John Bryant

John Bryant is the Chairman of the Board of Kellogg Company, having served in this position since July 1, 2014. In this role, he also chairs the Executive Committee of the Board. Mr. Bryant was named President and Chief Executive Officer in January 2011 and stepped down from this position in October 2017. He has been a member of Kellogg Company’s Board of Directors since July 2010.

Mr. Bryant joined Kellogg Company in 1998 and has held a variety of roles including Chief Financial Officer; President, North America; President, International; and Chief Operating Officer before becoming Chief Executive Officer.

Mr. Bryant received a degree from the Australian National University and an MBA from the Wharton School of the University of Pennsylvania.

Mr. Bryant serves on the Board of Directors of W.K. Kellogg Foundation Trust, Catalyst, The Consumer Goods Forum, and Macy’s, Inc.

Kellogg has reduced waste sent to landfill by more than 60 percent since 2005, including food waste, and remains committed to ensuring edible food waste is donated to feed people in need, when appropriate. Hunger relief is our signature cause, and since the 2013 launch of our Breakfasts for Better Days program, we’ve provided more than 1.4 billion servings of cereal and snacks to those in need, and are committed to doing more in the months and years to come. We also will continue our partnerships to develop sustainable agriculture programs with smallholder farmers helping prevent post-harvest loss in major ingredients relevant to Kellogg.” — John Bryant


Kellogg’s Commitment to Reduce Food Loss and Waste

Download this profile

As a global food company, we believe we have a significant role to play in helping to end hunger, achieve food security, improve nutrition and promote sustainable agriculture. We will do our part to halve per capita global food waste at the retail and consumer level, and to reduce food losses along the production and supply chains including post-harvest losses by 2030.

We contribute towards this in three important ways:

FARMS: Working to eliminate post-harvest loss so that more of the food which is grown is consumed.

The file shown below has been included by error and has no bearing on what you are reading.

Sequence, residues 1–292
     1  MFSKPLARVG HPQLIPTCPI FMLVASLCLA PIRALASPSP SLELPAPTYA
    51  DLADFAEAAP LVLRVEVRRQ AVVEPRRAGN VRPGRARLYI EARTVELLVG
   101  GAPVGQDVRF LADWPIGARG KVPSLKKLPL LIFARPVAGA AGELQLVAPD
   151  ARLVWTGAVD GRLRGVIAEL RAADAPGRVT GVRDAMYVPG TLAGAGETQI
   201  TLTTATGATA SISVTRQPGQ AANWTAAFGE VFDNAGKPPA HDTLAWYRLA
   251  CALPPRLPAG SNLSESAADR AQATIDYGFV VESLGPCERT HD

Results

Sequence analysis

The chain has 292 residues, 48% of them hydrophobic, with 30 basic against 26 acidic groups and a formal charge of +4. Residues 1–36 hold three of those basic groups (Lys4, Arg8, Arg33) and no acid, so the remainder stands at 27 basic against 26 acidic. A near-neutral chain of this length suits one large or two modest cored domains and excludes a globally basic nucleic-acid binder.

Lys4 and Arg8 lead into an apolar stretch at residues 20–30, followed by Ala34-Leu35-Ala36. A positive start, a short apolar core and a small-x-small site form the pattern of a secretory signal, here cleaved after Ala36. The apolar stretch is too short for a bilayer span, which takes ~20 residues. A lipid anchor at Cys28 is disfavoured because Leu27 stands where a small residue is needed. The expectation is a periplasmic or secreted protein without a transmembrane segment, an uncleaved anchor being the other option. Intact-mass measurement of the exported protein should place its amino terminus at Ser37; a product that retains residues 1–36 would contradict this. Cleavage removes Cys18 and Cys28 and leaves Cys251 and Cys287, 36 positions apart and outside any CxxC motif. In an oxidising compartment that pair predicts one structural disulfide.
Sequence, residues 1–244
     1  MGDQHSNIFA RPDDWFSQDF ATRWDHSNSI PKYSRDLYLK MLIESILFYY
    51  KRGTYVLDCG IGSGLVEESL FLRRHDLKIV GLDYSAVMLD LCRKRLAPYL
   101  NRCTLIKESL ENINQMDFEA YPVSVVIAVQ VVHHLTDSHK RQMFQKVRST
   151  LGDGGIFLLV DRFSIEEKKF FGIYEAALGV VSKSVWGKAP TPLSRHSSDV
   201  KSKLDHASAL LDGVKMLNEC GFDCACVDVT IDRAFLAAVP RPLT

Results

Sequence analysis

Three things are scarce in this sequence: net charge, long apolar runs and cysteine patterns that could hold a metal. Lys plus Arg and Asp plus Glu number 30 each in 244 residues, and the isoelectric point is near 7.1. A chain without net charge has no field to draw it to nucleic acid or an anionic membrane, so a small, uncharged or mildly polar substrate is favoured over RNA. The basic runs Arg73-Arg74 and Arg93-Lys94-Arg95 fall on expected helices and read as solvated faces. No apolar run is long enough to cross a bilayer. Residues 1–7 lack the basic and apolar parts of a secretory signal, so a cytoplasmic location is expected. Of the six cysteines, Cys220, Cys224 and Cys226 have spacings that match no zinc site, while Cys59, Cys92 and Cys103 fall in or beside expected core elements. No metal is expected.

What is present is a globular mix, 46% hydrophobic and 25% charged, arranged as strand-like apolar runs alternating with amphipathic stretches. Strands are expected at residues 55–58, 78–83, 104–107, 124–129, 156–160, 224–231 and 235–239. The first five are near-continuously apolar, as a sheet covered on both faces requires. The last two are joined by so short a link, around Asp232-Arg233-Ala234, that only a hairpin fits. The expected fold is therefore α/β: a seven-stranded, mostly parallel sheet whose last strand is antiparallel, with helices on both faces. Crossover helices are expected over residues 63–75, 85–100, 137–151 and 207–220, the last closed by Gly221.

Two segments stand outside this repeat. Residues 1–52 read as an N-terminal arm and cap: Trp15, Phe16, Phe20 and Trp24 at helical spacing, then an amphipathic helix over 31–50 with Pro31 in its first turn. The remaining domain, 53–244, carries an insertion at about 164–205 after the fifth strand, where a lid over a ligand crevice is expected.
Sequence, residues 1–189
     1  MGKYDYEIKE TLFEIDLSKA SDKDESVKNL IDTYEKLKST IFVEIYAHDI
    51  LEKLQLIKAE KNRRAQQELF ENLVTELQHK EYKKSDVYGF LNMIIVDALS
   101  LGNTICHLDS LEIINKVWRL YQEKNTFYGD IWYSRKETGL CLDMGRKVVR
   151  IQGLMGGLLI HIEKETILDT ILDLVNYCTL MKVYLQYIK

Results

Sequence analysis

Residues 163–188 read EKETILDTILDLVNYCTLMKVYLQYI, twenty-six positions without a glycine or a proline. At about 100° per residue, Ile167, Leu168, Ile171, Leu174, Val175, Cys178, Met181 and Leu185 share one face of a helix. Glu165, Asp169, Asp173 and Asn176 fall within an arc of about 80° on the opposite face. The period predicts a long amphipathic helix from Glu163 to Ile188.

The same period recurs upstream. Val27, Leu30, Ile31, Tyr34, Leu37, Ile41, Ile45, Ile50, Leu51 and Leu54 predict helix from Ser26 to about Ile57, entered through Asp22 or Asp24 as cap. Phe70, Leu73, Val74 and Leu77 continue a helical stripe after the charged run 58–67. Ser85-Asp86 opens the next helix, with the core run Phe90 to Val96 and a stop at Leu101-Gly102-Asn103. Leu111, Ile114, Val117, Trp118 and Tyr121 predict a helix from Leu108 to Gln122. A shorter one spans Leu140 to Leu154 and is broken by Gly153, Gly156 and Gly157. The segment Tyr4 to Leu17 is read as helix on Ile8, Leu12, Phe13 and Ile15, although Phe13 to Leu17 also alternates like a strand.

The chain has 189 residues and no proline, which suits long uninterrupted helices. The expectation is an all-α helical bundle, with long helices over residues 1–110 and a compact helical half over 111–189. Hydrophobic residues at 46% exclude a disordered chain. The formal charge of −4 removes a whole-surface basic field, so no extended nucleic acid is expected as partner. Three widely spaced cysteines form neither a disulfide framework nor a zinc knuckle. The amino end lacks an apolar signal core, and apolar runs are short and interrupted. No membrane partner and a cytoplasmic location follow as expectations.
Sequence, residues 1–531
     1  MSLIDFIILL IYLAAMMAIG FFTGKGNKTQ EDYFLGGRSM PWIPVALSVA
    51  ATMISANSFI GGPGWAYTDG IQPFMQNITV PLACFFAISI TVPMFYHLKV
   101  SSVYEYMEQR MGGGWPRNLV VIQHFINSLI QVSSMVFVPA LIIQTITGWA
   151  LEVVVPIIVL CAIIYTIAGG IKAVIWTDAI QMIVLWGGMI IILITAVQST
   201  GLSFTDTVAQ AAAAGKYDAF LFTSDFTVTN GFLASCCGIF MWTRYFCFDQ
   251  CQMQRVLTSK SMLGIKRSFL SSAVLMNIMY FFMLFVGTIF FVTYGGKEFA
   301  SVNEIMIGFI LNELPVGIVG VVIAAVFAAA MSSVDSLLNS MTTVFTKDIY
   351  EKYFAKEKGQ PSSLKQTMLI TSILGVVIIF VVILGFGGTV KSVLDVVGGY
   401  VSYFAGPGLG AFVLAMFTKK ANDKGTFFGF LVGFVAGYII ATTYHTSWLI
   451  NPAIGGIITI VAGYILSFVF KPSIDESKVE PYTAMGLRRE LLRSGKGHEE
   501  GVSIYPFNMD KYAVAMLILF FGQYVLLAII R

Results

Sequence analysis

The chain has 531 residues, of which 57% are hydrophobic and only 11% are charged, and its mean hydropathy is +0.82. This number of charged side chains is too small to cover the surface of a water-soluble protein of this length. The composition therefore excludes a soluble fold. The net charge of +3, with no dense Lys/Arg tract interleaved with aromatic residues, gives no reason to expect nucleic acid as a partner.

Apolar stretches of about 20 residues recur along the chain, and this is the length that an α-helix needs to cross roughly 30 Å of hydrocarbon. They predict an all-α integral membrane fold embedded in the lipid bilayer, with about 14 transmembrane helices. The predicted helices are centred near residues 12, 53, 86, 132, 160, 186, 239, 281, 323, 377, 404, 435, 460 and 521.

We are working with partners to develop and promote post-harvest loss reduction practices in major ingredients relevant to Kellogg by developing sustainable agriculture programs with smallholder farmers. Currently, we are working with partners to achieve this in India, Bangladesh, South Africa, Thailand, Philippines and other countries which promote and improve post-harvest loss reduction. For example, in the Philippines, we are partnering with the International Rice Research Institute (IRRI) and the Philippines Department of Agriculture to fund work to improve agronomic practices. And in Thailand, we are working to reduce post-harvest loss while increasing yields by 25 percent through identifying sampling points within our processing operations.

MAKING OUR FOOD: Working to eliminate food waste in our processes, capturing it instead to feed people in need, and when that use is not appropriate, ensuring it is used for animal feed.

Kellogg had committed to decreasing our waste sent to landfill (per metric tonne of food produced) by 20 percent from 2009 to 2015. We met the waste goal in only one year and promptly set another one—aiming to achieve an additional 20 percent reduction in waste to landfill (per metric tonne of food produced) from 2009 to 2015. We achieved this second goal as well, delivering a 20 percent reduction by year-end 2015, for a total decrease of 62 percent since 2005.

We are now working to increase to 30 percent the number of our plants sending zero waste to landfill by the end of 2016. Currently, less than 6 percent of waste goes to landfill. Edible food waste is donated to feed people in need; and in any cases where that use is not appropriate, it is used for animal feed. As one example, our facility in Queretaro, Mexico, has reduced their waste to landfill by almost 25 percent during 2015, thanks in part to ongoing training, a focus on reuse before recycling, and composting both cafeteria and garden waste. Also in 2015, Kellogg piloted the Food Loss and Waste Accounting and Reporting Standard, including tracking all seven elements of food waste across our global facilities; animal feed, bio-recycling, composting, incineration, land application and landfill.


OUR COMMUNITIES:Through our global Breakfasts for Better Days™ signature cause, working to assure our food helps those in need either due to natural disasters or chronic hunger in communities we support around the world.

In 2013, Kellogg Company launched Breakfasts for Better Days (BFBD), our global signature cause with a commitment to provide 1 billon servings of cereal and snacks to those who need it most around the world by the end of 2016. Through Breakfasts for Better Days™, we set a goal to provide 1 billion servings of cereal and snacks—more than half of which are breakfast—to people in need around the world by the end of 2016. By the end of 2016, we will have donated nearly 2 billion servings through increasing participation in school breakfast programs and donating our foods to food banks.

We continue our support in the face of serious societal challenges to address hunger through the end of our 2016 commitment, and will be announcing next generation commitments to expand this work into 2017 and beyond.